If there ever was a book that had me at hello, this would be it. In The Glass Castle, Jeannette Walls’ exact first words are, “I was sitting in a taxi, wondering if I had overdressed for the evening, when I looked out the window and saw Mom rooting through a Dumpster.” She’s headed to a swanky New York city party when she accidentally comes across her vagrant mother. In fact, both her parents are homeless. A unique pair of individuals who chose to live on the streets repelled by conventional standards and beliefs. Her story starts from the very beginning, as far back as she can remember. A fight with a fire in the desert. This is Jeannette’s adventure story. Her secret is out, and it’s good.
This guy stood facing the wall, like all guys do. Head forward, one hand holding his pants, the other steadying his penis. This is why I never park against the wall. During daylight, they wedge themselves in between parked cars. They spray down the rims and tires of BMWs and Audis. Sometimes they face the cars, pretending to have the keys in hand while getting their piss all over the door. Then they zip up and walk ten feet to the bus stop checking their phone.
I tried to blame my mother for what I did to you.
“Bull shit.” You told me. “You’re stronger than that.” You said.
We just laid there above your covers, staring at the ceiling. Mascara plastered to my cheeks. Your arm under my neck. The morning sun creeped in between the vertical shades, moving the shadows like bars in a cage. I wanted to give it a reason. But you pointed your finger at me.
“It’s ok. We can move past this.” You finally said.
You shouldn’t have bought me breakfast. You should’ve let me go. Now there’s a break in your dry wall from that burning in your fist. A crack to remind you, I was never strong enough for this.
I don’t remember Harmony’s funeral. Wait, I lie. I do remember some things. Like the plain room, the color of churned butter. The metal chairs with carpeted seats. All aligned facing the open casket. The slow stream of weeping people, that treaded down the center. Reluctantly out of obligation, respect or whatever, to stare into her empty face. A mask. But this is every funeral. I wondered how many people were genuine. I tried to look into their eyes, but I was the one who looked away. I was her favorite and I didn’t feel a thing.
Today, I terrorized my kitten. Max is 7 months old and knows by now “no” means, “NO!” He continues to chew on my potted cacti. Knocks them over spilling dirt and roots all over my window sill and floor. Today… twice he knocks them over even after a spray in the face with a water bottle (which my husband and I thought would be a fair training tactic but rather leaves a trail of slippery water on my concrete floor.) Sigh… I don’t think it works. Or he just doesn’t give a rats ass. That’s it.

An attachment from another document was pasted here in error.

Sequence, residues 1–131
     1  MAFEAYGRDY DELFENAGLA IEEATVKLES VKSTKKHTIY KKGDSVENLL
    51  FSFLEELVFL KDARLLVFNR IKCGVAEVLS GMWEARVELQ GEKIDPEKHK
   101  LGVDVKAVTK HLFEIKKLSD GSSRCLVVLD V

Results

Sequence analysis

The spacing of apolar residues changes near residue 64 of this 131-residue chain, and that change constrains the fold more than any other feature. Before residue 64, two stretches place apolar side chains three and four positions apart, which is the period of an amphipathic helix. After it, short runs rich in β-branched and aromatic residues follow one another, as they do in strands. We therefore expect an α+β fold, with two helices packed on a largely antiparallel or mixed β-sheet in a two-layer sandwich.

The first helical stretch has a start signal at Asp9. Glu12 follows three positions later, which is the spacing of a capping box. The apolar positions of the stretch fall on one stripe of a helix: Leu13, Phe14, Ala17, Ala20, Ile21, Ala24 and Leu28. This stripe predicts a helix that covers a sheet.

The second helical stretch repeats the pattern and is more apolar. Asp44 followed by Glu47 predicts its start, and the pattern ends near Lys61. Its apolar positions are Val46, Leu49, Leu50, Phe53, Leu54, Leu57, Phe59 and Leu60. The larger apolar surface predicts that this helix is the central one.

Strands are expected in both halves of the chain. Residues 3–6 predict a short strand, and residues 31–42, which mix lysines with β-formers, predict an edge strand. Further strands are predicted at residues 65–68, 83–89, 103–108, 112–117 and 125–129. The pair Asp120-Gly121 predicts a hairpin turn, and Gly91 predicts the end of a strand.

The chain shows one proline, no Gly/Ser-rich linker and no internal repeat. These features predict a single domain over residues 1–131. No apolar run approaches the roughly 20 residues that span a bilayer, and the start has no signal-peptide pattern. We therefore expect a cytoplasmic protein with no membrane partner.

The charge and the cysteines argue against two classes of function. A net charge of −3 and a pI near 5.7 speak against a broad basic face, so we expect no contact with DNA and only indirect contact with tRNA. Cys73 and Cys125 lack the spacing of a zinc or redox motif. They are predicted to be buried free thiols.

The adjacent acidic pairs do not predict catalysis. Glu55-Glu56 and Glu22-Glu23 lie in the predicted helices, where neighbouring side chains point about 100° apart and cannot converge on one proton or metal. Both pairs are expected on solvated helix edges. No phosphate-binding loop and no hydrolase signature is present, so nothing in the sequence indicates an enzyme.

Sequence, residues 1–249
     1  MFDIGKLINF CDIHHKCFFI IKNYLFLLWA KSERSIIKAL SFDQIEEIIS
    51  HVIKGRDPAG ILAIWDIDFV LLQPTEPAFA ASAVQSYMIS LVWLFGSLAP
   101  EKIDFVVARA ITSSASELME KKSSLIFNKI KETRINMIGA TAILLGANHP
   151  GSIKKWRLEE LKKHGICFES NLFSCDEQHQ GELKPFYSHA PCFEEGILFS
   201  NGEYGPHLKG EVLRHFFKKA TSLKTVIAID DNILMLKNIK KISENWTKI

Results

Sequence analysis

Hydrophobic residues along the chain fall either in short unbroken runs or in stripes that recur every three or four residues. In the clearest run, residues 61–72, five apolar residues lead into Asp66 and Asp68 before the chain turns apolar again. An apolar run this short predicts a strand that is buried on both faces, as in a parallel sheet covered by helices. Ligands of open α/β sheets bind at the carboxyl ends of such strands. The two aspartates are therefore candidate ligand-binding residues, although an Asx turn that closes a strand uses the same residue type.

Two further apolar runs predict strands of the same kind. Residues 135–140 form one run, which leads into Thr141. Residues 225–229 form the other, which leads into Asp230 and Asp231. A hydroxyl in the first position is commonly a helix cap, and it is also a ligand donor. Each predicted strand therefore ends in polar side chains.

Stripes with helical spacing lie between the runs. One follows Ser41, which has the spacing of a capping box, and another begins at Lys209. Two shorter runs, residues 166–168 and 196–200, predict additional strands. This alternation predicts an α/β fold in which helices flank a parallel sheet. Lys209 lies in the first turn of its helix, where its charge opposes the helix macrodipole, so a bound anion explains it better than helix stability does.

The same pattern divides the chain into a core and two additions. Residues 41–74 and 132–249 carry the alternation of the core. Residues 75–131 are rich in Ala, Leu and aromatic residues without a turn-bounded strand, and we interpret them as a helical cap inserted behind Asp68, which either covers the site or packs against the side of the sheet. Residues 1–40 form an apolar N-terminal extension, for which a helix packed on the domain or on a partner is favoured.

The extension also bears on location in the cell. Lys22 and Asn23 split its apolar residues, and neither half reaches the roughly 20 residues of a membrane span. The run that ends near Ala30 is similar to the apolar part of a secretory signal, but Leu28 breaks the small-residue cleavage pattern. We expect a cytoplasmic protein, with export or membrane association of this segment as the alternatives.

Hey there! If you have a few minutes to spare please take a moment to read my surreal short fiction under 600 words. It will literally take you two minutes. Leave me a comment here… good or bad, I don’t mind. :) Thanks so much!
Middlesex is a fiction Pulitzer Prize winner written by Jeffrey Eugenides, also the author of his first book, Virgin Suicides, which later became a Sofia Coppola movie. The main character Calliope, who is also the narrator, was born and raised as a girl with too much boy hormones and a little something extra between the legs. This all thanks to a well kept juicy secret between her grandparents, Desdemona and Lefty. But this is not just a story of a girl coming of age, in search of her own identity. It is like a tragic Greek tale of misfortune and adventure. This is an account of the Stephanide’s lineage and their screwed up history that eventually comes full circle. A girl at the age of fourteen who discovers love and lust in all the unlikely ways. A girl who has to deal with fancy doctors who attempt to solve her identity problem. Her genetic problem. Her secret problem. A problem her parents are too ignorant to see, cos they’ve in fact never seen it.
There are five cities – Artana, Valencia, Lleida, Barcelona, and Madrid. Our Spanish trip begins in Artana, where his family lives. We had left Paris to enter Barcelona by train, where Iker’s parents wait to pick us up. From there we enter the small town by freeway, which looks like any freeway in the States. As soon as we exit, the streets grow narrow. The sidewalks and even the stores look barren. The only thing full are the rows of dotted orange trees. I roll down the window and I can smell the sweet citrus in the air. Trees here are green and plenty. But for the empty town, I think ‘siesta,’ but it is Saturday at six pm.
The spotlight is on a city. A man in a thick wool coat sits and lights his third cigarette, sipping his coffee. The camera slowly pans out and you see that he is sitting in a crowded outdoor patio. Everyone is holding a cigarette. The camera pans out some more and you realize that they are all facing in one direction. Out. I sit at a corner table alongside them. Today, I am a part of this audience. The spotlight is on the city, and Paris is the most anticipated show.
How can such a beautiful city be so painfully cold and distant? I can’t help but to close my jacket and wrap my scarf a little bit tighter as I walk over to Piccadilly Circus. So tight, it’s difficult for me to soften up to the city. What good is beauty when I can’t bare to be in its presence.
Some say there is beauty and wisdom with age, and it is clear that London ages well. The majestic buildings with its molded pillars and chiseled facade line the streets of London, wide or narrow. Proud and strong. But not only is it cold in temperature but also in its pale complexion. Been here three days and not once have I seen the sun. And this is normal they say. A city forever hidden under the clouds and doused by rain. The concrete bleeding its color onto everything in its arms-length, maybe even onto its people.